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Collected Poems. 2 Vols. 
The Wine-Press. 

Included in Collected Poems 
bui published in separate volumes : 

Tales of the Mermaid Tavern 


The Enchanted Island and 
Other Poems 

Drake: An English Epic 


^U^ '71^. 




I, "TALEB or THE "^^M"" TATBBN, 





> • 

Copyright, 1913, hy 
Alfred Notbb 

AU rights reserved 

October, 19U 


RAD A, wife of the village doctor. 
SUBKA, her daughter^ aged twelve. 
ARRAM \two hostile soldiers quartered 
MICHAEL ) in her house ^ in time of war. 
NANKO, a half-witted schoolmaster. 

Several soldiers. 

The Scene is in the Balkans, in a village which 
has just been taken by the enemy, on Christmas 




Scene — A guest-chamber j the typical living-room 
of a prosperous village doctor in the Balkans. 
On the lefty a small window and an entrance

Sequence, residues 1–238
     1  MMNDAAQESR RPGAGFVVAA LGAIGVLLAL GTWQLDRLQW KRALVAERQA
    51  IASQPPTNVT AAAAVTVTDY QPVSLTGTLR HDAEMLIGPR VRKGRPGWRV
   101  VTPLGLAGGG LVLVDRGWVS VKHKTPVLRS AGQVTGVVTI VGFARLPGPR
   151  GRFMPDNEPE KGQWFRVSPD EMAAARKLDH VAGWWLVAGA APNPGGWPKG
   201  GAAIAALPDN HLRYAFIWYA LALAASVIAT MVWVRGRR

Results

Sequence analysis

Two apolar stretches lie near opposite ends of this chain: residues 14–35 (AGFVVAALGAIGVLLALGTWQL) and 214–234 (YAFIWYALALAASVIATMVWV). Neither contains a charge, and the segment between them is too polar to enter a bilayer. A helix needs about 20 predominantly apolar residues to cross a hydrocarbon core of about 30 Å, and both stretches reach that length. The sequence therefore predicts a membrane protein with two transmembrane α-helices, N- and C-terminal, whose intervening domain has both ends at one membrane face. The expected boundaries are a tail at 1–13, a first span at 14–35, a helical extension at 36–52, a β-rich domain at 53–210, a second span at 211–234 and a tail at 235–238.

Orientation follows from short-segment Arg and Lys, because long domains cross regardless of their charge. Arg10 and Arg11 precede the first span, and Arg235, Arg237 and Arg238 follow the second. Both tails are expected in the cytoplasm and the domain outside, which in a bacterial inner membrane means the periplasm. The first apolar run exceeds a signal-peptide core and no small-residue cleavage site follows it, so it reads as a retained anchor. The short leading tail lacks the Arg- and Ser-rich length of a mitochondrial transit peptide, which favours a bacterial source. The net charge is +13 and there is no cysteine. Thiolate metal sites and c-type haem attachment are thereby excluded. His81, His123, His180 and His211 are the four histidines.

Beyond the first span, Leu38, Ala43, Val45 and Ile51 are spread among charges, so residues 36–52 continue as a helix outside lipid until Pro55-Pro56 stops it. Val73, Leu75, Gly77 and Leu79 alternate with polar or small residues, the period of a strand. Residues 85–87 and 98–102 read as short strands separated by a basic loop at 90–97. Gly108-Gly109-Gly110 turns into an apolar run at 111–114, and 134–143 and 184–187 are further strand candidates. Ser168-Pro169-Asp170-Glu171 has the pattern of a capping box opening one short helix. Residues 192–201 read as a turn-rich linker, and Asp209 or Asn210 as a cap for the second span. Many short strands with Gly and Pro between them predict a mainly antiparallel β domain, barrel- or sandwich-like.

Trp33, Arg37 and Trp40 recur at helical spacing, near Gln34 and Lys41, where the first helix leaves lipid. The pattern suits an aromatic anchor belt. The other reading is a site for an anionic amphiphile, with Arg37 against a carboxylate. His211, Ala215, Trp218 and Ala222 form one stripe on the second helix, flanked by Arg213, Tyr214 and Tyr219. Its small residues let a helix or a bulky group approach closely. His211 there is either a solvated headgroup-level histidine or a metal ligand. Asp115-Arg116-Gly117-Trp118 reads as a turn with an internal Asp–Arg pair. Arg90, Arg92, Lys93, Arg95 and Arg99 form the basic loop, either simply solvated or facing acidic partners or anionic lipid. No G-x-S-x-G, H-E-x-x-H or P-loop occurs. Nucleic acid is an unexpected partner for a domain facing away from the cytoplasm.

door. On the rights a door leading into a bed- 
room. At the backj an open fire of logs is burth 
ing brightly. Over the fireplace is the eikonos- 
tasiSj with three richly coloured and gilded 
eikonSj the central one of the Madonna. The 
lights which is never allowed to go out^ is burning 
before it. The room is lit at present only by 
this J the fire-light^ and two candles in brass 
candlesticks on a black wooden table under the 
window. Rows of porcelain plates round the 
walls gleam fitfully. On either side of the eikonos- 
lasts is a large chiboukj with inlaid bowl and 
amber mouth-piece. There is a divan with scar- 


let rugs flung across it to the right of the fire;